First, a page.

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Which common illnesses are often wrongly treated with antibiotics?

A series of mostly viral infections are incorrectly treated with antibiotics:

  • common cold – it comes with sneezing, running or stuffy nose, cough, and sore throat. In most cases it is caused by rhinoviruses and antibiotics won’t work (CDC);
  • sore throat – smoking, allergies, the viruses that cause colds or flu, or a bacteria group called A Streptococcus (i.e., Streptococcus pyogenes) are among the causes of this type of illness. Only the infection caused by Streptococcus needs antibiotic therapy, the rest do not(CDC);
  • flu (Influenza) – is caused by influenza viruses and can infect the nose, throat and the lungs sometimes. Common symptoms include: fever and/or chills, cough, sore throat, running or stuffy nose, headaches, tiredness, muscle and/or body pains. Antibiotic therapy is not needed (CDC);
  • acute bronchitis or chest cold – this disease is manifested by cough due to the mucus produced in the lungs by the swelling of the lungs’ airways. Besides coughing (with or without mucus), you can also feel soreness in the chest, tiredness (fatigue), mild headache, mild body aches or sore throat. In most cases it is a viral infection whose recovery takes up to three weeks (CDC).

Why are there so few new antibiotics being produced?

Developing a new antibiotic is time consuming, costly and, most of all, not guaranteed to succeed. As such, it is a risky endeavour for pharmaceutical companies to partake in. Furthermore, with AMR on the rise, newly developed antibiotics should be preserved except for when absolutely needed. Because of these constraints, the market for them is shrinking. All of this makes the development of new antibiotics unattractive for the private sector.

A number of companies are producing antibiotics (IFPMA, 2015) (Access to Medicine Foundation, 2018), but many of these are only variations on existing antibiotics. Such ventures are a safer bet for companies to invest in because less research is needed and approvals are faster due to similarities to existing approved drugs. However, these slightly modified antibiotics only overcome resistance for a short period of time.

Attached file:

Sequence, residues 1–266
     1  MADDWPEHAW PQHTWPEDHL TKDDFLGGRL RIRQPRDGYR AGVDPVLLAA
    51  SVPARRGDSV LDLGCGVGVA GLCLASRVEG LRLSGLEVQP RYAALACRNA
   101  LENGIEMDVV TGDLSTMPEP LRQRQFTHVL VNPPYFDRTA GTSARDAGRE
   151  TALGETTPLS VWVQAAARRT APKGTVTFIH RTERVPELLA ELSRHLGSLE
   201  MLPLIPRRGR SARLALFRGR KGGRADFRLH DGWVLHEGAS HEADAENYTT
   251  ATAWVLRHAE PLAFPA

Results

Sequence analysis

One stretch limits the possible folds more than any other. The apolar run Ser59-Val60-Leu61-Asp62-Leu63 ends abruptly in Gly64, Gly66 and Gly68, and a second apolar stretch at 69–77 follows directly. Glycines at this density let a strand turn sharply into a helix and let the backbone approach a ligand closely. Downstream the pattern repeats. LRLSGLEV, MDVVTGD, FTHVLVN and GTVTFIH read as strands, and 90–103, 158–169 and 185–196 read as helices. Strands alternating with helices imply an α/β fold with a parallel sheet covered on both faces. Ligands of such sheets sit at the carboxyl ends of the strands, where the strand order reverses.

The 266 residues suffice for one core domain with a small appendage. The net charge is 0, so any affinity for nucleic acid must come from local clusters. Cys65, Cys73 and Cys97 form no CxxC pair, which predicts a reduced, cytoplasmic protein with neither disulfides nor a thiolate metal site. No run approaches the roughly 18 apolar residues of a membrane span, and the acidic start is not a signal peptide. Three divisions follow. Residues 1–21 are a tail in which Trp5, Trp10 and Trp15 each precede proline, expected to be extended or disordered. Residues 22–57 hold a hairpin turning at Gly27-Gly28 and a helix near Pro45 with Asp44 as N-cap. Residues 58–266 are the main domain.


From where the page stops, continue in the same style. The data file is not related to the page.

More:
If AMR has already been an emerging issue for a long time, why are governments taking so long to act?

There are a number of reasons why governments are slow to react to AMR. For one, AMR is a very complex issue due to its global and multisectoral nature and simple national policy cannot have a strong effect on it. Furthermore, even if there is political will, the public has yet to seize the AMR issue wholeheartedly and demand concrete action from their governments. (Wellcome Trust Fund, 2019).

Why is it said that AMR is a “global and multisectoral issue”?

AMR is global: Indeed, with globalisation and the movement of people and animals across the globe, microbes that ‘hitch a ride’ can also spread globally. If resistant bacteria develop somewhere in Europe, Asia etc., they could very quickly be transported by a carrier (human, animal, food) to another continent. A Swiss study demonstrated that 75% of 38 tourists travelling to India returned home with antibiotic-resistant bacteria in their guts. In addition, 11% of tourists had bacteria resistant to the last-resort antibiotic colistin (Bernasconi O, et al. 2016).

AMR is a multisectoral issue: The causes of AMR have roots in a variety of sectors, including health, food safety, agriculture, environment, and trade, making it a truly multisectoral issue. If these sectors do not act on the threat of AMR, it will not be solved (WHO,2018). To this end, the WHO has proposed their “One Health” approach which is designed to facilitate communication and cooperation between all relevant sectors in order to implement programmes, policies, legislation, and research to combat AMR (WHO).

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